Money is stressing me out!

Many of us have been devastated by the financial stresses of this pandemic.

Job loss 😣

Pay cuts πŸ”ͺ

Stacked bills 🧾

Of course, there are things in life that are more important than money. However, not having enough to sustain our lifestyles can put us in a state of constant worry.

“How am I going to pay next month’s rent?🏑”

“Do I have enough money for food?πŸ₯ͺ”

“What if my car suddenly rosak 🚘?” 

Stress doh. 

Being stressed reduces our ability to manage our finances well. This inability to tackle our money problem can consequently worsen both our mental and physical health. Even scarier, this vicious cycle can be hard to break if we don’t take immediate action to solve it. 

“What should I do in this situation?πŸ†˜β€

Woman asking for help, woman looking rugged

Recognise that you have problems πŸ‘πŸ‘

We can only begin to solve a problem once we acknowledge that there is a problem. But coming to that conclusion isn’t always easy. That’s why looking at the warning signs might help. ⚠️

According to Money Advice Service’s research, the most common signs that money problems are affecting one’s mental health include noticeable mood swings 😑😒🀣 (even when it’s not that time of the month) and increased exhaustion from staying up late at night πŸ˜ͺ (not from watching football matches). Other signs are overspending, avoiding talking about money, and forgetting to pay bills. If you can relate to any of these signs, don’t worry. There is still light at the end of the tunnel, you just need to take the first stride.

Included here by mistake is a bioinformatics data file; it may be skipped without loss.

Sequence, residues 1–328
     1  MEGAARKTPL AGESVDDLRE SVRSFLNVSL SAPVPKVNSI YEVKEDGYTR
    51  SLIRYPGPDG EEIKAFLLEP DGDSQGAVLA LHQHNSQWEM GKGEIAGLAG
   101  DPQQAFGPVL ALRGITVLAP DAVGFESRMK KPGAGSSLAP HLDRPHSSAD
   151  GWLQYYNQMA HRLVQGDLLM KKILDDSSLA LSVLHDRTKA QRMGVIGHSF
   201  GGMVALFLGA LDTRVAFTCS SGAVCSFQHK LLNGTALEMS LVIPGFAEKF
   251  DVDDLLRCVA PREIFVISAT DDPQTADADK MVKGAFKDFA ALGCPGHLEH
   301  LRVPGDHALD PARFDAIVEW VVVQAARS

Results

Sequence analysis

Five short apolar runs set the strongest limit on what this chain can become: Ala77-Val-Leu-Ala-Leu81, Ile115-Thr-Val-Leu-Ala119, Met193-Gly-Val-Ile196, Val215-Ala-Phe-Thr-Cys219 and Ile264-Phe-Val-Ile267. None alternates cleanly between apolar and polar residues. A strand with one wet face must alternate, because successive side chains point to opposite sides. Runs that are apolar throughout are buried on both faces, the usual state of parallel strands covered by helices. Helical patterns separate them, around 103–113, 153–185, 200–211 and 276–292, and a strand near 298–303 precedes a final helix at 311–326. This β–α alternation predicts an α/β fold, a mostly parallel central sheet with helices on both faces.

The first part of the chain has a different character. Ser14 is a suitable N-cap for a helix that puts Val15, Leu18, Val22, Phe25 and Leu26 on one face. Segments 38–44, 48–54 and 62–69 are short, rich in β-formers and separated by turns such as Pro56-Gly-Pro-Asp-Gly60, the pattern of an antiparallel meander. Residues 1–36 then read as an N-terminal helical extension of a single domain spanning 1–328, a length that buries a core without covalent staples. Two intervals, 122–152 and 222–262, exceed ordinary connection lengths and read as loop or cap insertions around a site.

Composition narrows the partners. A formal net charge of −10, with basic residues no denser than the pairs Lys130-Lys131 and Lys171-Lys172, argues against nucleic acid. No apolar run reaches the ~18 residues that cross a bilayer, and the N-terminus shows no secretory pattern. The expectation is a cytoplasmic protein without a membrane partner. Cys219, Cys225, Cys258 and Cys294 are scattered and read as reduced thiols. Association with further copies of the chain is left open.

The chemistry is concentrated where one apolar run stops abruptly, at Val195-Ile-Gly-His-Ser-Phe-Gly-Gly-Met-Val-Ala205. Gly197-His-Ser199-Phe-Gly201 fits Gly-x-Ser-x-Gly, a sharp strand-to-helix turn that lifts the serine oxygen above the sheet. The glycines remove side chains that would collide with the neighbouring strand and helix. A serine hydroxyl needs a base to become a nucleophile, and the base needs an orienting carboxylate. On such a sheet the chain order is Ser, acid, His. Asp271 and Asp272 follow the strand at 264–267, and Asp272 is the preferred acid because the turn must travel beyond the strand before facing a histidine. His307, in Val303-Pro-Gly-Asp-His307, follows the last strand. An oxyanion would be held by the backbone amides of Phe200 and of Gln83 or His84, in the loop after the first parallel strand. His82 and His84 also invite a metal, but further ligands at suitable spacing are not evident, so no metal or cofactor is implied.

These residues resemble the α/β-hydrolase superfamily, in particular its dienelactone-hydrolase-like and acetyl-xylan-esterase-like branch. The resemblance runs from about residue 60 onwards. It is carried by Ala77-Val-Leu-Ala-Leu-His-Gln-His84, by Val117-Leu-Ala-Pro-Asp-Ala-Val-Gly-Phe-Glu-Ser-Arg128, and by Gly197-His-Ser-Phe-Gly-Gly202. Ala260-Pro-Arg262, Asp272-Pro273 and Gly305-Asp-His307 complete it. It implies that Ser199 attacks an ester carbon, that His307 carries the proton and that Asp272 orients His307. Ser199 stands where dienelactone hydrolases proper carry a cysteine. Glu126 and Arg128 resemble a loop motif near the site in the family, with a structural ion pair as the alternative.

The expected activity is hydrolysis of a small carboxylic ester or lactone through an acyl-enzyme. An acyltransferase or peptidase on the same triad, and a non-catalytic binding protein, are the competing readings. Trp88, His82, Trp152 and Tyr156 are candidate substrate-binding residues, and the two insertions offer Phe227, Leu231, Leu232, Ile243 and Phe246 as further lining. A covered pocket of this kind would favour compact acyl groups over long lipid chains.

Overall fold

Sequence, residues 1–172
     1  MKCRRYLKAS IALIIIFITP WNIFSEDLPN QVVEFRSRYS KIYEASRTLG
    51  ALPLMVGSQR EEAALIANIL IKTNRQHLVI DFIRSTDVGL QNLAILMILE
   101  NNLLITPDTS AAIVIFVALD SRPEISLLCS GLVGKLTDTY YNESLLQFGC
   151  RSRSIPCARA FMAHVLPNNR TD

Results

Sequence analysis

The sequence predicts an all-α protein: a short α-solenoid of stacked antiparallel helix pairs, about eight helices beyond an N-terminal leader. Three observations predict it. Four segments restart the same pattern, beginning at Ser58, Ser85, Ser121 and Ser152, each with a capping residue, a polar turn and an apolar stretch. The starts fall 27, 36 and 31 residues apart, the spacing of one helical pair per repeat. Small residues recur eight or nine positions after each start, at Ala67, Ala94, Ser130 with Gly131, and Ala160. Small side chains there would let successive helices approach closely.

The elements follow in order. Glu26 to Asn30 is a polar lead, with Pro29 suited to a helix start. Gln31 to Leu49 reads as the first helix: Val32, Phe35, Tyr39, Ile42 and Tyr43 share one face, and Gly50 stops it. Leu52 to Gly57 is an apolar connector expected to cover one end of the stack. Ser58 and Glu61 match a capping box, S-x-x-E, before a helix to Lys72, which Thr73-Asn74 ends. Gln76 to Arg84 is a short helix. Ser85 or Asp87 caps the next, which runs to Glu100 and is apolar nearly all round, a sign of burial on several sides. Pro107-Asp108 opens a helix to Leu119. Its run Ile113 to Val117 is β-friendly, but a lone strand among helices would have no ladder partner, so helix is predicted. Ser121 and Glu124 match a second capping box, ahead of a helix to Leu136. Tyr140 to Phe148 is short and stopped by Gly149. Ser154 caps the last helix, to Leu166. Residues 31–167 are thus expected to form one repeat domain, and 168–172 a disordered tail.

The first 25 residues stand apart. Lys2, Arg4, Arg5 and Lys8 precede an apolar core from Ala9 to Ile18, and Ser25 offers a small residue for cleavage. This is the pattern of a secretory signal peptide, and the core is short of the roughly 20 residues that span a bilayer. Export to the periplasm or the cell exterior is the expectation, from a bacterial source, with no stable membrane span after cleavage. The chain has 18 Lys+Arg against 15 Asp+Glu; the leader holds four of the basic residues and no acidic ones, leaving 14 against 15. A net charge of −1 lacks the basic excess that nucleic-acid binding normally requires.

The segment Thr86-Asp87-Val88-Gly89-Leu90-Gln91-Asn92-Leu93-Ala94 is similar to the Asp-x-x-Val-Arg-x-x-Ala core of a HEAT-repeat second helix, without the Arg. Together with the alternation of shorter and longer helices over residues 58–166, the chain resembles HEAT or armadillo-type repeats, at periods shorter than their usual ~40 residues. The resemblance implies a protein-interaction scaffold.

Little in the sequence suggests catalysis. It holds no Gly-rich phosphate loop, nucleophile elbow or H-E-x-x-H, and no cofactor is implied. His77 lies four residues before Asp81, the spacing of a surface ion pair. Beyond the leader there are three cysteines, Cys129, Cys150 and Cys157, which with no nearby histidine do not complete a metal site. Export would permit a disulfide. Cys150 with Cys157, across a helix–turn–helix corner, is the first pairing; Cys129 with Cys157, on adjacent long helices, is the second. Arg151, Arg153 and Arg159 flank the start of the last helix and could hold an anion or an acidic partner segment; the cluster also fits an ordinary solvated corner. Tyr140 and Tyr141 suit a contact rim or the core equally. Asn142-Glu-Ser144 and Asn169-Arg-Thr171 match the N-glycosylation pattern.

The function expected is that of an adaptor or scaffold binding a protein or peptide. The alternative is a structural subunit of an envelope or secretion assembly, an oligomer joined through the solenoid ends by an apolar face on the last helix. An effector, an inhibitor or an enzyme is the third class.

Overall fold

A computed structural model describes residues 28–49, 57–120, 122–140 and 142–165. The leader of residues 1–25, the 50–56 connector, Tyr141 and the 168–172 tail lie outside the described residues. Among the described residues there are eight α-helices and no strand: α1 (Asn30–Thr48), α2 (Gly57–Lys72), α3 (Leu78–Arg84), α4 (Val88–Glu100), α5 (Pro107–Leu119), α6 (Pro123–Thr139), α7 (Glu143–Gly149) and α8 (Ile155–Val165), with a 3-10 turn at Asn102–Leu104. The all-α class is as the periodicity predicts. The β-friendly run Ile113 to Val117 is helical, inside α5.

Talk it out πŸ™ŒπŸΌ

Money conversations can be difficult. Yalah, we’re quite kiasu kan, so it can be awkward or shameful to disclose our financial vulnerabilities to others. Nevertheless, talking to a trusted family member or friend who won’t judge or criticise you about your money problems is a good place to start. At least you get it off your chest. 

Woman offering ears to listen, here to talk

If you’re in a severe financial bind, there will be limitations to what advice and help your friends and family can offer. In this case, it would be a good idea to seek advice from a professional. You can reach out to the Credit Counselling and Debt Management Agency (AKPK) for financial advice. AKPK also has a FREE Debt Management Programme (D.M.P.) that can help individuals to restructure their debts. Alternatively, you can also get a financial planner to help you review your finances and strategise on what to do next. 

Check out: I’m Too Scared To Ask For Financial Help

Declutter your spending πŸ—‘

Breaking down your expenses and looking at your bills isn’t fun. Chances are, you might just break down into tears too. Still, figuring out the source of your financial stress is key before you can devise a plan to tackle those problems. 

Is it your credit card debts? πŸ’³

Are you not getting enough income?πŸ’΅

Have you been buying things impulsively? πŸ›’

Which one? Or is it a combination of all?

Man crying, man weeping, man sobbing

Check out: Time For A Financial Cleanse: The KonMari Way

Stick to the plan πŸ’ͺ🏼

Following your budget will be more challenging than getting that McD x B.T.S. meal, especially during the first few months. So if you do stumble, don’t beat yourself up. Just get up and continue aiming for that goal of yours. 

Jot down everything ✍🏼

When you monitor your progress, it is easier for you to find the positive aspects of your financial situation and see what else you can improve on. You’ll also feel more motivated to continue doing well when you see that you have made some progress in managing your money.

Writing things down, jotting down a note, man writing on a notebook

Remember that you have the power to change your financial situation, and it’s easier to do so if you aren’t constantly anxious.

Download HeyAlfred today. Let us help you see where you’ve done well.